My admiration turns to astonishment in the loo, of all places; often the last place to get any love in an office.

The hand dryers have been capped in copper and the whole wall has been elaborately decorated in a maze of copper piping, dials and knobs, turning the mere act of drying your hands into a magical ritual. Practically it’s completely unnecessary, and a waste of time and money in the real world, but it is uplifting to see the mundane so lovingly transformed. The colours sing with the attractive and thoughtful details, balanced in just the right measure.

And the urinals? They get exactly the same treatment. My only surprise is that the urinals themselves are, shock horror, normal. Surely they should have been a monkey holding an ice bucket or some other wonder? It only serves as a reminder that our standard expectations have now shifted considerably up the bell curve.

And there is more: a cinema room; but not like a smaller version of your local Odeon, this is a life-sized starship complete with views of distant galaxies through the ‘windows’ in 3D. Possibly some floor to ceiling digital wallpaper of ‘The Enterprise’ would ordinarily have produced a similar look, but that’s not good enough here, instead we have a fully realised film set.

I’m slightly embarrassed to ask Laurence if anyone has done a ‘post-installation’ survey of the employees, which is the usual process to measure the success of these office refurbishments. “We’re just sitting here in this office and everyone is rolling past with an enormous smile on their face as if we made this place out of catnip. Everyone is rolling around with warmth and pleasure,” Laurence responds. I’ll take that as a yes then! Chris Morling assures me, “Before we began, consulting the team was very much where we started, we discussed with them exactly what they wanted out of the space and we had this information before Laurence came on board, that was very much the driving force behind everything we’ve done. It’s not just about pretty walls and a stunning work environment, which we have; it’s about creating a space that works for the team. Whether that be a room full of whiteboards, or little chill out areas where you can work quietly on your own, or cameras in walls (not to be spied on, but to be able to Skype with colleagues in London); all of these things add up to make a great working environment, which is what we are all about.”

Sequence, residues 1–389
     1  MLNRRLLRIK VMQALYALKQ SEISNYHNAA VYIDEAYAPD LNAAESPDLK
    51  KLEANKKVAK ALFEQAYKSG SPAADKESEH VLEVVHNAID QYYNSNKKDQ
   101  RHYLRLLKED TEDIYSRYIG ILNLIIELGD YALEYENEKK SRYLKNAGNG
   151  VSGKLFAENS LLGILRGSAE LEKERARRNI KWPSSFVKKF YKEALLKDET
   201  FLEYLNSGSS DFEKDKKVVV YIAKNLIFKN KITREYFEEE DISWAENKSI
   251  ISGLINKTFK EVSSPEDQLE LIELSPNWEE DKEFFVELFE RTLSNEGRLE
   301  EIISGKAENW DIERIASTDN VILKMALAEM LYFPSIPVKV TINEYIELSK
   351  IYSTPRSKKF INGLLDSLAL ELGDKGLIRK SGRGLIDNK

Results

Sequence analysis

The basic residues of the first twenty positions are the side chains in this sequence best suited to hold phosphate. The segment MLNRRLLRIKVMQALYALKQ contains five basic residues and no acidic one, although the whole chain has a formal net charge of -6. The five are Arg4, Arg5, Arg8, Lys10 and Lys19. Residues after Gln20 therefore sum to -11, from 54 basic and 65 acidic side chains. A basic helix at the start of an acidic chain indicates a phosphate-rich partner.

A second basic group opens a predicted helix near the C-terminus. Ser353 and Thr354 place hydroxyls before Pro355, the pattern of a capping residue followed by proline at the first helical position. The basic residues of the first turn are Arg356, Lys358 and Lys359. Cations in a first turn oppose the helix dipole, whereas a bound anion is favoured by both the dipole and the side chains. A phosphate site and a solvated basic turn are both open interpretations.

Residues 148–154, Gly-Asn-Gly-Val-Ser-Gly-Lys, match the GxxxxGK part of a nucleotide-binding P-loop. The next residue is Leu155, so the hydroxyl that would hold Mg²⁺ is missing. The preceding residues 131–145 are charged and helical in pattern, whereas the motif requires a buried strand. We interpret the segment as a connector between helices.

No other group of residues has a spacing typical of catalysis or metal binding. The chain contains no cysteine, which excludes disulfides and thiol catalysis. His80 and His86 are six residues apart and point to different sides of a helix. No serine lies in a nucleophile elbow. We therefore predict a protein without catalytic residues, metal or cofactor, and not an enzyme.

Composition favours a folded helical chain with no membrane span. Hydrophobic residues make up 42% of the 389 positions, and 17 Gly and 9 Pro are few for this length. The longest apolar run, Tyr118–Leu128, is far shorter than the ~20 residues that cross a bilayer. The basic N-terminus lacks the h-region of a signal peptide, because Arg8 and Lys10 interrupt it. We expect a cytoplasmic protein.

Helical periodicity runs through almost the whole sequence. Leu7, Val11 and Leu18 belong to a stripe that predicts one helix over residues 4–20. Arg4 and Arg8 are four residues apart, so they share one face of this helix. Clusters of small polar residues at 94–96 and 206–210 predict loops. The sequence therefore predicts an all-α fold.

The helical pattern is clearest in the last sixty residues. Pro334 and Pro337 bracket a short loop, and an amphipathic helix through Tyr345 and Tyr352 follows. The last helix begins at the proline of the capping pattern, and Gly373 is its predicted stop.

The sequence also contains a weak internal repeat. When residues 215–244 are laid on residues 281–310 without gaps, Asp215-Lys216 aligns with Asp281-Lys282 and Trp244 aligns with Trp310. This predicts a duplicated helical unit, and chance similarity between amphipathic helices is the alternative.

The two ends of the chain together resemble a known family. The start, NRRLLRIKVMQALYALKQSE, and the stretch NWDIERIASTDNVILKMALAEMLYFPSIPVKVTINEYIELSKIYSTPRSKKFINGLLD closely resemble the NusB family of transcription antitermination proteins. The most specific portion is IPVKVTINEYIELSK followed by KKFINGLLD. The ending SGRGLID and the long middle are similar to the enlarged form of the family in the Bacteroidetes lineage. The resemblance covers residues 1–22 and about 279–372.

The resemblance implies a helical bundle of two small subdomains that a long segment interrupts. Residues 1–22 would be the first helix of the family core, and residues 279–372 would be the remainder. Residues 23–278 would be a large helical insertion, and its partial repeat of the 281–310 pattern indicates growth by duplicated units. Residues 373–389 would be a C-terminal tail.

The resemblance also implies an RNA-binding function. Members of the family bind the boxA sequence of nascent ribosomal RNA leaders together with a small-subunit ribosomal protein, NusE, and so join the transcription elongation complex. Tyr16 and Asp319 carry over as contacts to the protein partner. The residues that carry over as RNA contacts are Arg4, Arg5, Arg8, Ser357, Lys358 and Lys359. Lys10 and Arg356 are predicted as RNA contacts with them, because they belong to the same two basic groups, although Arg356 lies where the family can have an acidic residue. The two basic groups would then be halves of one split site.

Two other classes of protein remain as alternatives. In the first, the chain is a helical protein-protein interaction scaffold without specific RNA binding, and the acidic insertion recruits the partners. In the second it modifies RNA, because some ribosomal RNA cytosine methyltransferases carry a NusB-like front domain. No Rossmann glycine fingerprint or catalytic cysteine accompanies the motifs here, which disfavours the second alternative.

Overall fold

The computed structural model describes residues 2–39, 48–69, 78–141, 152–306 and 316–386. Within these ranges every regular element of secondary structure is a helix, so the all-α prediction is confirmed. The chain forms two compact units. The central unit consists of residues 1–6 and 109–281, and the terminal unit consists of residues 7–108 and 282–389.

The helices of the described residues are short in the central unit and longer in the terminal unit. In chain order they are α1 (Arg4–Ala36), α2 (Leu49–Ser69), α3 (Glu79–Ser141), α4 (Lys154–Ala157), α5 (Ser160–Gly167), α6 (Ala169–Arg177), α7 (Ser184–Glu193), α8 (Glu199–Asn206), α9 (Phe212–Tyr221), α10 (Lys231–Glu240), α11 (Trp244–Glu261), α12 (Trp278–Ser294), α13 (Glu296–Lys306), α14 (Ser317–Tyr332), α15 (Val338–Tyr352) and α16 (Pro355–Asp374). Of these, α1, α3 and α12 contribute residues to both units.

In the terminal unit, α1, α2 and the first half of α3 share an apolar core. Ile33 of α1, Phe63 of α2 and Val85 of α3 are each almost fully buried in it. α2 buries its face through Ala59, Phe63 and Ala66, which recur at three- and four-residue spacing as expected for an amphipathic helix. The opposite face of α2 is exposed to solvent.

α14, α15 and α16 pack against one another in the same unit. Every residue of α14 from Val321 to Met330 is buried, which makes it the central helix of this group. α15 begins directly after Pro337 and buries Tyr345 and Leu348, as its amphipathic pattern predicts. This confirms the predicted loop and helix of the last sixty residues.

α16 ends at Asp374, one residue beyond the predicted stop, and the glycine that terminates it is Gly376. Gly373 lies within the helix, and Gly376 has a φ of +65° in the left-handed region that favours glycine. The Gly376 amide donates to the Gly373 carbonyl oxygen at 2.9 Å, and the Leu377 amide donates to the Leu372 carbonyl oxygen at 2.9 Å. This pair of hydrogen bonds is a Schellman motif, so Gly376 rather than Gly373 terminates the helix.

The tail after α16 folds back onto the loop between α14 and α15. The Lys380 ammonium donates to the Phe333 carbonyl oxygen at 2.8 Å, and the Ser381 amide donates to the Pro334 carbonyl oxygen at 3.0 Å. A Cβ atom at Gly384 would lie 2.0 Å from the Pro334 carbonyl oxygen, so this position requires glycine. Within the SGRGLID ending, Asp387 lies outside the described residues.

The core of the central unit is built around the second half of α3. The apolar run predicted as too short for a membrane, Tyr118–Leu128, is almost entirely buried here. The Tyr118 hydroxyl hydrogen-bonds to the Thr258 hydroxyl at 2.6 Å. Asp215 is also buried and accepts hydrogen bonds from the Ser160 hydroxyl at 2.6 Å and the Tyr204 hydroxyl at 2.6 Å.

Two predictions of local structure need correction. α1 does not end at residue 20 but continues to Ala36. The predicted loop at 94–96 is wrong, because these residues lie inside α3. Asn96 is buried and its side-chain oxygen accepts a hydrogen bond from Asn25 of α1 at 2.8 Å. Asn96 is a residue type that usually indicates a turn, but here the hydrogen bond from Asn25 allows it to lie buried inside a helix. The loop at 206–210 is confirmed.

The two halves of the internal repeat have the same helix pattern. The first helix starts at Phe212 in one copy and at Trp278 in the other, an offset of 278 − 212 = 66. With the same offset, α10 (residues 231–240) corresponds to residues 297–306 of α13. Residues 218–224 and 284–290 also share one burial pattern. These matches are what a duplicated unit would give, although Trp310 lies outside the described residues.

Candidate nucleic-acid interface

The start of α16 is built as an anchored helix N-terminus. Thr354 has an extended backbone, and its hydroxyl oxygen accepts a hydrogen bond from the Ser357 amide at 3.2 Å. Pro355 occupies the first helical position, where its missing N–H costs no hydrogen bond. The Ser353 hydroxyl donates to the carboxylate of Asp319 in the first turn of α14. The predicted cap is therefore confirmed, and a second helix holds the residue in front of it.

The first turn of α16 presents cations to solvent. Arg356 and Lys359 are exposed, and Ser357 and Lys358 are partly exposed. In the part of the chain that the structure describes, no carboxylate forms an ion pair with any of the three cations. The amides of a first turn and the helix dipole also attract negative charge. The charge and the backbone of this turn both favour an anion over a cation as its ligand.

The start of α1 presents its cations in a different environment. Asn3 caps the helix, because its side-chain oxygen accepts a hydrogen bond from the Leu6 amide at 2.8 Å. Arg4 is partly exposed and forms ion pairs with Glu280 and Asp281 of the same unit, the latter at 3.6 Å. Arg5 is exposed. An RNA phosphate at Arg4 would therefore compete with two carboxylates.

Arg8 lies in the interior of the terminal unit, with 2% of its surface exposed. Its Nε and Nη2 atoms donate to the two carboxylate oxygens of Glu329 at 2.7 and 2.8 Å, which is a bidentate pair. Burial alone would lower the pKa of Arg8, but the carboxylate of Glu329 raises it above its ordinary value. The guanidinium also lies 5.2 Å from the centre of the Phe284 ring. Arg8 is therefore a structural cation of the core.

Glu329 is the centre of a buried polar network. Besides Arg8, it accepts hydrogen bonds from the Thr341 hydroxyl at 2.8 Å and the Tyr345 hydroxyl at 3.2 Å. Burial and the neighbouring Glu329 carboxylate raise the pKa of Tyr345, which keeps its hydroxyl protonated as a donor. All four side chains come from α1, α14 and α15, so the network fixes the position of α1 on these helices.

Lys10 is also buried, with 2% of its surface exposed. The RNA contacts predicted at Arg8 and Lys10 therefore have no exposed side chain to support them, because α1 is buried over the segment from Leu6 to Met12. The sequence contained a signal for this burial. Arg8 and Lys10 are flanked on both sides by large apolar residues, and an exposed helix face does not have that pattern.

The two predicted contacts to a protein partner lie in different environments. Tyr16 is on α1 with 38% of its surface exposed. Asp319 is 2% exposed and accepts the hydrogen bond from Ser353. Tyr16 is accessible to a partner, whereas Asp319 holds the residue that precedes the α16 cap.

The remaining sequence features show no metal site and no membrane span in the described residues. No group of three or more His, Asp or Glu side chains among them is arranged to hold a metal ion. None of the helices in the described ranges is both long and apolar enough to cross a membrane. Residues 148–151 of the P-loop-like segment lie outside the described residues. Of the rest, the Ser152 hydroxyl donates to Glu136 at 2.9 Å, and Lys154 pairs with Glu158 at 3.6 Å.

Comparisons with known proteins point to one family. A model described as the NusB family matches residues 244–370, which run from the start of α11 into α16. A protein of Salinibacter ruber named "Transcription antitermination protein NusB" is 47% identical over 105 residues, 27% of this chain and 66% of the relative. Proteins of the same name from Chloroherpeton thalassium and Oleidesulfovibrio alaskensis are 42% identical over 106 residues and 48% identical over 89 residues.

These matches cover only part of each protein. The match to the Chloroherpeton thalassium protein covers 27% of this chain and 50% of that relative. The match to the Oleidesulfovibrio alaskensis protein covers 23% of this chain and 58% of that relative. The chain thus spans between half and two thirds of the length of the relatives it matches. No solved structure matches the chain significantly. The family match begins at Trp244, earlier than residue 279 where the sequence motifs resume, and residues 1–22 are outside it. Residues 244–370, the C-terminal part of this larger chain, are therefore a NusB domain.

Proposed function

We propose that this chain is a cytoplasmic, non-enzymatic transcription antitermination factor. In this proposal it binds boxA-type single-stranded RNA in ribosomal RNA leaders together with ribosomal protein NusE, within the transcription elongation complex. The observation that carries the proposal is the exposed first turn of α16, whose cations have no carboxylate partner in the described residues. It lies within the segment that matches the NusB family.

There’s one room that is pure ‘Laurence of my preconceptions’.  I imagine that Laurence couldn’t contain himself anymore, and the Pow Wow room staggers from a full frontal hit of LLB. On one wall is a portrait of the man himself – the ‘Laughing Cavalier’ by Franz Hals has been remodelled with the face of the designer, emblazoned with the slogan ‘Art is the Ape of Nature’. A traditional suit of armour fills the corner, paying homage to the history of the building, but it has been splattered Jackson Pollock style, with multi-coloured fluorescent paint. From his vantage point on the wall it’s as if Laurence has ejaculated on our medieval sensibilities; I have to stop myself from cheering him on!

On the opposite wall a pseudo Liechtenstein literally smashes us in the face: ‘Design’s gonna get you in the end punk’! In the long term, I’m guessing if there is one room that will quietly reconsider when Laurence has turned his back, it will be this one. I ask Chris if he was involved in some of these off the wall ideas, or did he just give Laurence free rein? “As Laurence has previously said, you don’t bring in a world class designer and tell them what you want,” says Chris; “Superstar,” corrects Laurence mischievously, “superstar, world class designer; get it right mate!” You can tell these two get on very well, and had a lot of fun on this project but there is a serious point here – Chris continues, “You bring someone on board with that talent because you want the benefit of their experience. So the balance was ensuring that the work environment worked for us and that we didn’t have anything in terms of colours and design that were so far off the wall that people would hate it. And it was finding the balance between the flamboyance and creativity, and the fun, different work environment that we wanted.”

That’s an interesting way of putting it. Laurence can’t diss the style of Jamie’s Italian and Google in one breath, then wave through that kitchen and igloo, which I love. But, in my opinion, that only goes to prove that Laurence, Chris  and the project team,  are operating at another level altogether here. This is after all a working office and it never loses site of that fact. There is just the right amount of flamboyance “balanced”, as Chris Morling put it,  so that every indulgence in fact serves an ultimate practical purpose. This office is so astonishingly good, that I can report that this is the most successful cross-fertilisation I have seen. We should never have doubted that Laurence, put out to stud in The Cotswolds, would produce anything other than a thoroughbred winner.